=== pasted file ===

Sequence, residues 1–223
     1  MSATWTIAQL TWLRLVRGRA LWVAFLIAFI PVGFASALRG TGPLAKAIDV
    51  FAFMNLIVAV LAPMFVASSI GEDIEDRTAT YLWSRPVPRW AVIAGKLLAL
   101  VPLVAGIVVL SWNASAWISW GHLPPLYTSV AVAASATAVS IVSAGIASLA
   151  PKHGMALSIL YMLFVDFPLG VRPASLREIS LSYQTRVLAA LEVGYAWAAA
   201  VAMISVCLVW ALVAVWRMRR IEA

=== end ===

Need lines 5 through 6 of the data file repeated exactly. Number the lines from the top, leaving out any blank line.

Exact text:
   151  PKHGMALSIL YMLFVDFPLG VRPASLREIS LSYQTRVLAA LEVGYAWAAA
   201  VAMISVCLVW ALVAVWRMRR IEA